Skip to Content

Seven Must-Read Stories (Week ending October 3, 2015)

Another chance to catch the most interesting and important articles from the previous week on MIT Technology Review.
October 2, 2015
  1. The Measured Worker
    The technology that illuminates worker productivity and value also contributes to wage inequality, Tyler Cowen argues.
  2. On the Edge of Automation
    Five hundred years from now, says venture capitalist Steve Jurvetson, less than 10 percent of people on the planet will be doing paid work. And next year?
  3. Fighting ISIS Online
    The Islamic State is an Internet phenomenon as much as a military one. Counteracting it will require better tactics on the battlefield of social media.
  4. Work in Transition
    Digital technologies are changing the nature of the jobs we do. What does that mean for the future of work?
  5. The Troubles of “Bitcoin’s PayPal” Show Why the Cryptocurrency Is Not a Good Payment Mechanism
    Leading Bitcoin startup BitPay is cutting costs, suggesting that the currency won’t be catching on soon.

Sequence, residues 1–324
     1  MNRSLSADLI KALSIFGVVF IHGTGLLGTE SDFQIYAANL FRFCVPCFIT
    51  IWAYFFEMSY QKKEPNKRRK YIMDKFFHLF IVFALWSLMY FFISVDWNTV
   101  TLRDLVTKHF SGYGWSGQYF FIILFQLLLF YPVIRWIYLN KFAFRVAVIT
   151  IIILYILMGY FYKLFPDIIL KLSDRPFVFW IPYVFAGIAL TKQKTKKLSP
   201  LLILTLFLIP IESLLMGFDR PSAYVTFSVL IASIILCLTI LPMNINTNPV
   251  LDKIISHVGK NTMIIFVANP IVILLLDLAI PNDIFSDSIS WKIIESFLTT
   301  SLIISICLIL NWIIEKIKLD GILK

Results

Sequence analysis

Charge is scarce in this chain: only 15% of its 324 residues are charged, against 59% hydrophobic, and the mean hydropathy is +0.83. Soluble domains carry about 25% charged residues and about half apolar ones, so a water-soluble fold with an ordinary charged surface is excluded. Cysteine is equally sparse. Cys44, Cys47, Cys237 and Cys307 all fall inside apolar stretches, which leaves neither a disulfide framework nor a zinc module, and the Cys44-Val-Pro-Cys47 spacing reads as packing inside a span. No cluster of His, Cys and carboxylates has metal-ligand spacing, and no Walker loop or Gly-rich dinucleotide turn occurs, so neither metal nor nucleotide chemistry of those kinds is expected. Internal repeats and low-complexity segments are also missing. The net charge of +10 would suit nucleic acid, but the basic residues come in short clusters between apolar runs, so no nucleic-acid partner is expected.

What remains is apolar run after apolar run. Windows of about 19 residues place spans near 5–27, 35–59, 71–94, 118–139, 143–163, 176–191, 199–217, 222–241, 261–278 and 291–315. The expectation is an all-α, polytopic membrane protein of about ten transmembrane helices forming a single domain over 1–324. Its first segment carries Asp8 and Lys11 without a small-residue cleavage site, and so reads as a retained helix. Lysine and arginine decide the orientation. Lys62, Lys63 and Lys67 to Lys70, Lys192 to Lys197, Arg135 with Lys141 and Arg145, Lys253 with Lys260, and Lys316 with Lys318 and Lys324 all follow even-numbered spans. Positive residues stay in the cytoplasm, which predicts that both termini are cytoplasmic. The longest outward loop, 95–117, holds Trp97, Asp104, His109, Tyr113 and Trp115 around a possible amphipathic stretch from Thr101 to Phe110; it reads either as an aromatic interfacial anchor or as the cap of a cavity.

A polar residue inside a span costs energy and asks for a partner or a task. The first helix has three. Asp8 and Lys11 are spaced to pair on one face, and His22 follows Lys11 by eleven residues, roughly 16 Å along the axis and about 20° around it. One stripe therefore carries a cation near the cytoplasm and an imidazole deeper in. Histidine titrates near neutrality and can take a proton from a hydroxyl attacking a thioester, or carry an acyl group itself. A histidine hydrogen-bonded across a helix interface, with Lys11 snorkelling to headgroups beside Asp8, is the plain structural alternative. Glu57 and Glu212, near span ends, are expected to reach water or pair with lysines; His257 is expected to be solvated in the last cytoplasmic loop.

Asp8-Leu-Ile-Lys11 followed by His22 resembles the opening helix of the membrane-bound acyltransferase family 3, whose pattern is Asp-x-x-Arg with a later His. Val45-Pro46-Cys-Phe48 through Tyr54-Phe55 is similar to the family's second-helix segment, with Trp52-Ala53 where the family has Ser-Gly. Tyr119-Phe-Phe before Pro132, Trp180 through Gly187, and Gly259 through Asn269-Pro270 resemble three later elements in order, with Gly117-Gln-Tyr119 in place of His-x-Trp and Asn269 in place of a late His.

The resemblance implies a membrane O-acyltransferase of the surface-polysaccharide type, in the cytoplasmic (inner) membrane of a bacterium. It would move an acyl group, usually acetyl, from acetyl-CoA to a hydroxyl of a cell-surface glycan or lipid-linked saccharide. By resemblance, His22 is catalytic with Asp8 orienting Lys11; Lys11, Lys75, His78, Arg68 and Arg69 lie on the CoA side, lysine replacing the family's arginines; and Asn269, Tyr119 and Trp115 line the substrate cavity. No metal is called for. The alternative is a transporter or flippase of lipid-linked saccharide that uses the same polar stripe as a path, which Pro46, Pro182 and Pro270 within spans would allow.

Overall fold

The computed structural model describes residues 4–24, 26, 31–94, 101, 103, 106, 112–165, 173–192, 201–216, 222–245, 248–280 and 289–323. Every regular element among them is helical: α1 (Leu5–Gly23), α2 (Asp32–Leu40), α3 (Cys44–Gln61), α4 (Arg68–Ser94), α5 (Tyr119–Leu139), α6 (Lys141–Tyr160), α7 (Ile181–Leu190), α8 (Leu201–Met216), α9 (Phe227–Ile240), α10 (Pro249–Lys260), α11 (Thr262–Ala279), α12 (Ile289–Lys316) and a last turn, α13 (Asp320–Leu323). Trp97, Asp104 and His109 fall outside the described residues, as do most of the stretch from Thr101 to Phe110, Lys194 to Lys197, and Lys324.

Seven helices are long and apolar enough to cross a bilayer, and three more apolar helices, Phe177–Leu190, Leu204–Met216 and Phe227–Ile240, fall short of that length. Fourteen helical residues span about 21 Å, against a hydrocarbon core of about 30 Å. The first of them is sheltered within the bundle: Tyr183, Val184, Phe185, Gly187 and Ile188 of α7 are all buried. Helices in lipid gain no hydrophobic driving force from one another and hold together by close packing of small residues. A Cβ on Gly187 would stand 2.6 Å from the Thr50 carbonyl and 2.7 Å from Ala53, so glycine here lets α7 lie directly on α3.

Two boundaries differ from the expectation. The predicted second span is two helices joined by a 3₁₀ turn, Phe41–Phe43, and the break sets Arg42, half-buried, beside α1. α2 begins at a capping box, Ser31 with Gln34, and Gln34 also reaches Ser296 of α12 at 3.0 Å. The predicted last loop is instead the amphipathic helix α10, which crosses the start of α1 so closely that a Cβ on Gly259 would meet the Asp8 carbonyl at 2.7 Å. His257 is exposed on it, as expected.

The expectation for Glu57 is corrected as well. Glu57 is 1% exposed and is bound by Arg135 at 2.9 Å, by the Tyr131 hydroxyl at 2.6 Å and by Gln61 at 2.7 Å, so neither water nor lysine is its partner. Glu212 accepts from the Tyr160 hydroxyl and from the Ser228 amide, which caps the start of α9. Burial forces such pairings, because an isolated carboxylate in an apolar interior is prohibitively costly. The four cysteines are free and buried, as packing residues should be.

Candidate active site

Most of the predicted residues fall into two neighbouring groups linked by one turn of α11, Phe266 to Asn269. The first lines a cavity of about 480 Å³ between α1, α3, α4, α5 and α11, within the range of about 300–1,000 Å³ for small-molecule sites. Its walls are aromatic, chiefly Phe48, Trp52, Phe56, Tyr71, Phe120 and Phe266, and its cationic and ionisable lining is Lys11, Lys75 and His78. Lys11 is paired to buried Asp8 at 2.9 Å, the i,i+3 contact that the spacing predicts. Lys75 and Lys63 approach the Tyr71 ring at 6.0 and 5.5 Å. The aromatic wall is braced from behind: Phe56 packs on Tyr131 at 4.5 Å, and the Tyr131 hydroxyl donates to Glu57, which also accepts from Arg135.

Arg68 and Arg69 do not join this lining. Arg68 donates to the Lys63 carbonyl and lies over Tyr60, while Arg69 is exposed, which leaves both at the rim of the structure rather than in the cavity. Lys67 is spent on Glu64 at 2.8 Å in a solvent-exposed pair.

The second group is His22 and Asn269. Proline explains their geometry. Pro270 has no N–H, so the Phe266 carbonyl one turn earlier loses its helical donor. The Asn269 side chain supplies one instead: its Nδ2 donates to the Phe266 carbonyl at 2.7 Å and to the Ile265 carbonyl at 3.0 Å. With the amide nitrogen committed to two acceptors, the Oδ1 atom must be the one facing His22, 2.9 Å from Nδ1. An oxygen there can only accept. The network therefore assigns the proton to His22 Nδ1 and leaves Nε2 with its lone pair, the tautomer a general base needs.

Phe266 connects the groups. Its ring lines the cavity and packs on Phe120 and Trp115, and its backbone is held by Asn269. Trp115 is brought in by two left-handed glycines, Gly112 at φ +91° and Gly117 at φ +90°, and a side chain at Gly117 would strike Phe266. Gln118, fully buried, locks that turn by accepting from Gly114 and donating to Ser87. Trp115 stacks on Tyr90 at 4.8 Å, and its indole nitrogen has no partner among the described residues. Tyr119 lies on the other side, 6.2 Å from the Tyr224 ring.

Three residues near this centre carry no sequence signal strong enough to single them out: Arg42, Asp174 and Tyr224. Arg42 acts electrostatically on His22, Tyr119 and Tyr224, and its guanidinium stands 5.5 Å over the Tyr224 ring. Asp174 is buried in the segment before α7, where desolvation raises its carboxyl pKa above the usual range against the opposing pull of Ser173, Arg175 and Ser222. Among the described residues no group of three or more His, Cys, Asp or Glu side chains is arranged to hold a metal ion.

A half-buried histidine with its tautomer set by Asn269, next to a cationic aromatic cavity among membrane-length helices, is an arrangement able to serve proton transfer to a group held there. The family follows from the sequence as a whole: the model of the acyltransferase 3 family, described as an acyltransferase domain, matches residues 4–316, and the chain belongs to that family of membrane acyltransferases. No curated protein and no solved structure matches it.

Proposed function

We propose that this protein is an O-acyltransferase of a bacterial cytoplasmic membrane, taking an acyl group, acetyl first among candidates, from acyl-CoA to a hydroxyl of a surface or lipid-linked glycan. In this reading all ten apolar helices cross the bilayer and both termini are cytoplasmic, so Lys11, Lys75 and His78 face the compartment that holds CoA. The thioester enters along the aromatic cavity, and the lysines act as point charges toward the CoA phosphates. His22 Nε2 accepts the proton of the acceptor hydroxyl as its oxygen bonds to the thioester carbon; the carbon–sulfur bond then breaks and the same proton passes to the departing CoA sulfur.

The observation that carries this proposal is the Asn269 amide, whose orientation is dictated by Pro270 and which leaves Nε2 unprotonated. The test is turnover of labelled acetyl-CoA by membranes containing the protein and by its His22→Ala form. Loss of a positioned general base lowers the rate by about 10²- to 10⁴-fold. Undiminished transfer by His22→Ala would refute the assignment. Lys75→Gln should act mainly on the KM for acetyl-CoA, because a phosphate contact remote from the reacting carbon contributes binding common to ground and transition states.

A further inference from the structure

6. Moon-Landing Equivalent for Robots: Assembling an IKEA Chair
    Robots are poor at many activities that humans find simple. Now roboticists are making progress on a task that exemplifies them all: the automated assembly of an IKEA chair.
  7. Trick That Doubles Wireless Data Capacity Stands Up in Cell Network Tests
    Major wireless carriers have begun testing a technology that can double the capacity of any wireless data connection.
  8. <

Keep Reading

Most Popular

10 Breakthrough Technologies 2024

Every year, we look for promising technologies poised to have a real impact on the world. Here are the advances that we think matter most right now.

The worst technology failures of 2023

The Titan submersible, lab-grown chicken, and GM’s wayward Cruise robotaxis made our annual list of the worst in tech.

AI for everything: 10 Breakthrough Technologies 2024

Generative AI tools like ChatGPT reached mass adoption in record time, and reset the course of an entire industry.

Scientists are finding signals of long covid in blood. They could lead to new treatments.

Faults in a certain part of the immune system might be at the root of some long covid cases, new research suggests.

Stay connected

Illustration by Rose Wong

Get the latest updates from
MIT Technology Review

Discover special offers, top stories, upcoming events, and more.

Thank you for submitting your email!

Explore more newsletters

It looks like something went wrong.

We’re having trouble saving your preferences. Try refreshing this page and updating them one more time. If you continue to get this message, reach out to us at customer-service@technologyreview.com with a list of newsletters you’d like to receive.